14. Nikxice

    Nikxice Member

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    The Perseverance mission can be followed on Twitter. This morning the spacecraft was quite busy issuing statements. Here's the most recent quote...... "Hello from Space."
    https://twitter.com/NASAPersevere
     
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  15. ecarfan

    ecarfan Well-Known Member

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    Very happy that the launch was nominal and Perseverance is now on the way to Mars.

    Interesting that the RUAG 5.4m fairing for the Atlas V completely encloses the Centaur upper stage. Seems counterintuitive to design it that way since it adds additional weight but apparently that is necessary to achieve that diameter, which is needed for this particular payload.
     
  16. doug

    doug Administrator / Head Moderator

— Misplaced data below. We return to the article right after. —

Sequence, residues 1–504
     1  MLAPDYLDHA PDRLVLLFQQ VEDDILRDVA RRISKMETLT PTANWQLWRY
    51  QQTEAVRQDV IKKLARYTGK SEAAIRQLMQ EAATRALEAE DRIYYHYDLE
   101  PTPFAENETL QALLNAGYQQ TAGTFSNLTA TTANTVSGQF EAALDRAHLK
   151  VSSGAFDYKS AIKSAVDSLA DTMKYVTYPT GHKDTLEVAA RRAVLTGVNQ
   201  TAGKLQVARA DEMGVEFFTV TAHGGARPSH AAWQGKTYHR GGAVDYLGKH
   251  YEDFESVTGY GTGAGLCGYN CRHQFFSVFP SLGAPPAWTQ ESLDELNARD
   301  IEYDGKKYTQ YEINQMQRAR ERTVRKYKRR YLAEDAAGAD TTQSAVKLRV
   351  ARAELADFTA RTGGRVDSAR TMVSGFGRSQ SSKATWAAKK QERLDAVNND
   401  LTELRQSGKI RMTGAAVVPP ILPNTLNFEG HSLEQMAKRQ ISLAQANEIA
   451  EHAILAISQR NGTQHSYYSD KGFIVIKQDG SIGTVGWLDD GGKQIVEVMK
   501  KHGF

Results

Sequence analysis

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    Post launch briefing:

     
  17. mongo

    mongo Well-Known Member

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    The 5m fairing takes some of the load off of the upper stage.
    See tweet from Tory:
    Twitter
     
  18. bxr140

    bxr140 Active Member

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    Yeah, its basically a rigged solution kinda like how many auto manufactures still cram batteries into their existing ICE chassis to make new EVs. Obviously Ariane has been flying the 5m Ruag fairing for decades in a "normal" configuration, and Vulcan is also going to adopt the "normal" configuration.